Choosing the perfect tree
There are only a few steps in selecting the “perfect” Christmas tree, said a University of Illinois Extension educator.
“Choose a spot in your home to place the tree before heading out to buy it,” said Ron Wolford. “Ask yourself, will the tree be seen from all sides, or will some of it be against a wall?”
If the tree is displayed in front of a large window, then all four sides should look as good as possible. If the tree is displayed against a wall, then a tree with three good sides would be OK. A tree with two good sides would work well in a corner.
Choose a spot away from heat sources like televisions, fireplaces, radiators, heaters and air vents. A dried-out tree is a fire hazard. Also make sure it will be clear of doors. Use a tape measure to measure the height and width of the space in the room where the tree will be placed. Take the tape measure with you to measure your chosen tree and make sure it will fit.
If buying from a retail lot, Wolford recommends going during the day.
“Choosing a tree in daylight is a much easier experience than trying to pick out a tree in a dimly lit lot,” he said.
Do some research on different Christmas tree varieties. Some varieties hold needles longer or have a longer-lasting fragrance than others. Some tree varieties have stiff branches and a more open habit, making them more suitable for large ornaments.
A fresh tree will have a healthy green appearance with few browning needles. Needles should be flexible and not fall off if you run a branch through your hand. Raise the tree a few inches off the ground and drop it on the butt end. Very few green needles should drop off the tree; it is normal for a few inner brown needles to drop, Wolford said.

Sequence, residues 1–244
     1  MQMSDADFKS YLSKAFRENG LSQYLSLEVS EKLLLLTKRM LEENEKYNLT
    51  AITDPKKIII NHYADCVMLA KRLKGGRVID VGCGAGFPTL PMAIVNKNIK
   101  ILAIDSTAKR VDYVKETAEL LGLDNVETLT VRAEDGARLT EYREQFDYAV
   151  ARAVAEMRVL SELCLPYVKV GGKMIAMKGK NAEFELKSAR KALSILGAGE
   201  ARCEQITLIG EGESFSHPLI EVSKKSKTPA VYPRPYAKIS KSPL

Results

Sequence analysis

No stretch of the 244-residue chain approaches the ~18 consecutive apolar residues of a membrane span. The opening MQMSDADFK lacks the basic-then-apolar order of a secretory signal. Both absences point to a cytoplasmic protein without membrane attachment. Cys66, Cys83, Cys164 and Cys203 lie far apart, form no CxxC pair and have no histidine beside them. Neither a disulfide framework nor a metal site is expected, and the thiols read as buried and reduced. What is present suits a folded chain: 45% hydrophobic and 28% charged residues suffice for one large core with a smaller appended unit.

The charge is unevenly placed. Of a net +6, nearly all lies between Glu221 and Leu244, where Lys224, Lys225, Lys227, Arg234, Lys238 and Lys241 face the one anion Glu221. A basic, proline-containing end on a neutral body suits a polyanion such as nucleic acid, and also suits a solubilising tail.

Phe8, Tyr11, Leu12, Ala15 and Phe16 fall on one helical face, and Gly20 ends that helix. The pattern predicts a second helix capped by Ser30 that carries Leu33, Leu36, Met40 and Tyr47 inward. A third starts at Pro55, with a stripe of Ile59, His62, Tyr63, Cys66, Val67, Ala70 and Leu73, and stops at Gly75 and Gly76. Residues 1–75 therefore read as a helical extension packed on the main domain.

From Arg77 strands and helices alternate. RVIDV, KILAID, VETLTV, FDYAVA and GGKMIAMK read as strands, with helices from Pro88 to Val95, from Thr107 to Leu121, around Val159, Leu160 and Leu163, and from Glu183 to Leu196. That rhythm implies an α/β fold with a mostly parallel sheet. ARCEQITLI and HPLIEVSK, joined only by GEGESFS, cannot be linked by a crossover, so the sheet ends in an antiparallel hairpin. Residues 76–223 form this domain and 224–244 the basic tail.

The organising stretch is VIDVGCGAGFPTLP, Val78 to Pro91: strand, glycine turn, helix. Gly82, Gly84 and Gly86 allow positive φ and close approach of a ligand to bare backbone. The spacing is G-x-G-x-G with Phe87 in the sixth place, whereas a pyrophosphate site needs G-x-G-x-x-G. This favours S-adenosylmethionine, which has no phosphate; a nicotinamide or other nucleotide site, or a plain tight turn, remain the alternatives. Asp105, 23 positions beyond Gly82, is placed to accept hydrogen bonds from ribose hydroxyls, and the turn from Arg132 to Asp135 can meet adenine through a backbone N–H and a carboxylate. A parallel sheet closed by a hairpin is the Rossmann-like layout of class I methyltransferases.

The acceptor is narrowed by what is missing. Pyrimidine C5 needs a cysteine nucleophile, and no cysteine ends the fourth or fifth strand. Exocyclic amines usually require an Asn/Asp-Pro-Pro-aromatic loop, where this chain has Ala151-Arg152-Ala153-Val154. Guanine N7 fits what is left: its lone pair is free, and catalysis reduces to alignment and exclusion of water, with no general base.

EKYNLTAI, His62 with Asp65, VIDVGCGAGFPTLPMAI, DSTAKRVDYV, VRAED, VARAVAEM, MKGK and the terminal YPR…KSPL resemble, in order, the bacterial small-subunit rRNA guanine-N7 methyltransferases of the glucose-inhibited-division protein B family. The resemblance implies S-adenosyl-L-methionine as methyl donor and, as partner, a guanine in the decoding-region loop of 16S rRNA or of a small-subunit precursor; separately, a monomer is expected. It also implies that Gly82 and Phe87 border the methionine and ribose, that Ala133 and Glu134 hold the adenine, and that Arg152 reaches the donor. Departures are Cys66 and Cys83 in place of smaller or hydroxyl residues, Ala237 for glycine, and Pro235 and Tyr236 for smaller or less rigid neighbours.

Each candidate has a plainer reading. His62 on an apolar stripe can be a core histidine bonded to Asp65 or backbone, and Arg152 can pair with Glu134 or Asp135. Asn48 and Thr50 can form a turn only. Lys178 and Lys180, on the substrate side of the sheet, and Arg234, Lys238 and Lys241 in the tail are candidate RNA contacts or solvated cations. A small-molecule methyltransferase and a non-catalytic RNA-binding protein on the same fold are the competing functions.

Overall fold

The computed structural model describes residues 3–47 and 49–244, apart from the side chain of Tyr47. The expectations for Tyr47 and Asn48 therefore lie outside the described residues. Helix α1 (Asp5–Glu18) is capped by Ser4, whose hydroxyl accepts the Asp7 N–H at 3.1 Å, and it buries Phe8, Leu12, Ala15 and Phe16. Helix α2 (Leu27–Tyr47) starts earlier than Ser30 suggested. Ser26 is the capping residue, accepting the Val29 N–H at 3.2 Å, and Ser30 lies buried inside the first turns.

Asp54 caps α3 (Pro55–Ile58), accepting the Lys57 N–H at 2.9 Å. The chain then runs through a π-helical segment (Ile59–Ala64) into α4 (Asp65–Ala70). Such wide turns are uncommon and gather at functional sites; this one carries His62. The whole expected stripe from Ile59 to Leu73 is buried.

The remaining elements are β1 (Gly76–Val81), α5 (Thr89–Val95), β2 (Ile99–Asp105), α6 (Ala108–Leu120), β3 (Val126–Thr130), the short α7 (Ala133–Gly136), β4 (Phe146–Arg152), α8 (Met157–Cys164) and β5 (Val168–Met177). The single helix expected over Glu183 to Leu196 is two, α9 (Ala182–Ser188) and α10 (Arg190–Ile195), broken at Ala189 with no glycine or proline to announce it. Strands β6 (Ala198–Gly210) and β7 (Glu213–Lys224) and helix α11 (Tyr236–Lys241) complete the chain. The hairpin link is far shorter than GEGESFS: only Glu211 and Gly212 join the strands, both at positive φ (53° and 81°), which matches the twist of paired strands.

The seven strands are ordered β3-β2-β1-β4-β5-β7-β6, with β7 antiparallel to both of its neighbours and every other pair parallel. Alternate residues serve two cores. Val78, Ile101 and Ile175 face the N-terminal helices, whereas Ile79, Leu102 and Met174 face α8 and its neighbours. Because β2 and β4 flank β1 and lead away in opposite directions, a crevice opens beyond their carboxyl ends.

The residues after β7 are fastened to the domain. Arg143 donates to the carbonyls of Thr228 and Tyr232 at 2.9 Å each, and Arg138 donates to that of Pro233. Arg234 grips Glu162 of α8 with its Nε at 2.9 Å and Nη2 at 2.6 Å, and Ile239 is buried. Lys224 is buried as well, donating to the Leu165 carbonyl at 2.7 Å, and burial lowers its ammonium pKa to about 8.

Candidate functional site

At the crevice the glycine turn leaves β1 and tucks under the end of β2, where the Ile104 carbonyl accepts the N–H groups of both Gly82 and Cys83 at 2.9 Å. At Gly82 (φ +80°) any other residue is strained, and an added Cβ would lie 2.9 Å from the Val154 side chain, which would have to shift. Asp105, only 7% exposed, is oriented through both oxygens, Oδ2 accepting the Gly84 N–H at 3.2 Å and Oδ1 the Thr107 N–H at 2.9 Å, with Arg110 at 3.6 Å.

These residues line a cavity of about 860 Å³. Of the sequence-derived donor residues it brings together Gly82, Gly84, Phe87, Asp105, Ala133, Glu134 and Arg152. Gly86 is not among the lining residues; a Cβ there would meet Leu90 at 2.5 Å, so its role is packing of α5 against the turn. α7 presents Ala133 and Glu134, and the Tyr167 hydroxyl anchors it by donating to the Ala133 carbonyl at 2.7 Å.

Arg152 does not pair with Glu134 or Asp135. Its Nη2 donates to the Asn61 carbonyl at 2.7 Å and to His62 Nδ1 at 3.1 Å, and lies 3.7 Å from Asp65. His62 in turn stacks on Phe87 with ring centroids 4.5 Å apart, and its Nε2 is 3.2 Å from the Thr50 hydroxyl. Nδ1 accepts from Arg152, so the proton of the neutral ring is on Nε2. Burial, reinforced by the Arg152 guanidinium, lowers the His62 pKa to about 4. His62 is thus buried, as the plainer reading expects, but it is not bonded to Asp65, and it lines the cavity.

Make sure the handle or base of the tree is straight and 6 to 9 inches long so it will fit easily into your stand.
Buy trees early, before the best trees have been sold. Ask the retailer whether trees are delivered once at the beginning of the season or if they are delivered at different times during the selling season. If you are not putting the tree up right away, store it in an unheated garage or some other area out of the wind and freezing temperatures.
“Make a fresh, 1-inch cut on the butt end and place the tree in a bucket of warm water,” Wolford said. “When you decide to bring the tree indoors, make another fresh 1-inch cut and place the tree in a sturdy stand that holds at least one gallon of water. (There should be) one quart of water for every inch of diameter of the trunk.”
Be sure to keep the water level above the base of the tree. If the base dries out, resin will form over the cut end and the tree will not be able to absorb water and will dry out quickly. According to the National Christmas Tree Association, drilling a hole in the base of the trunk does not improve water uptake.
Commercially prepared mixes, aspirin, sugar, or other additives added to the water are not necessary. Research has shown that plain water will keep a tree fresh, Wolford said.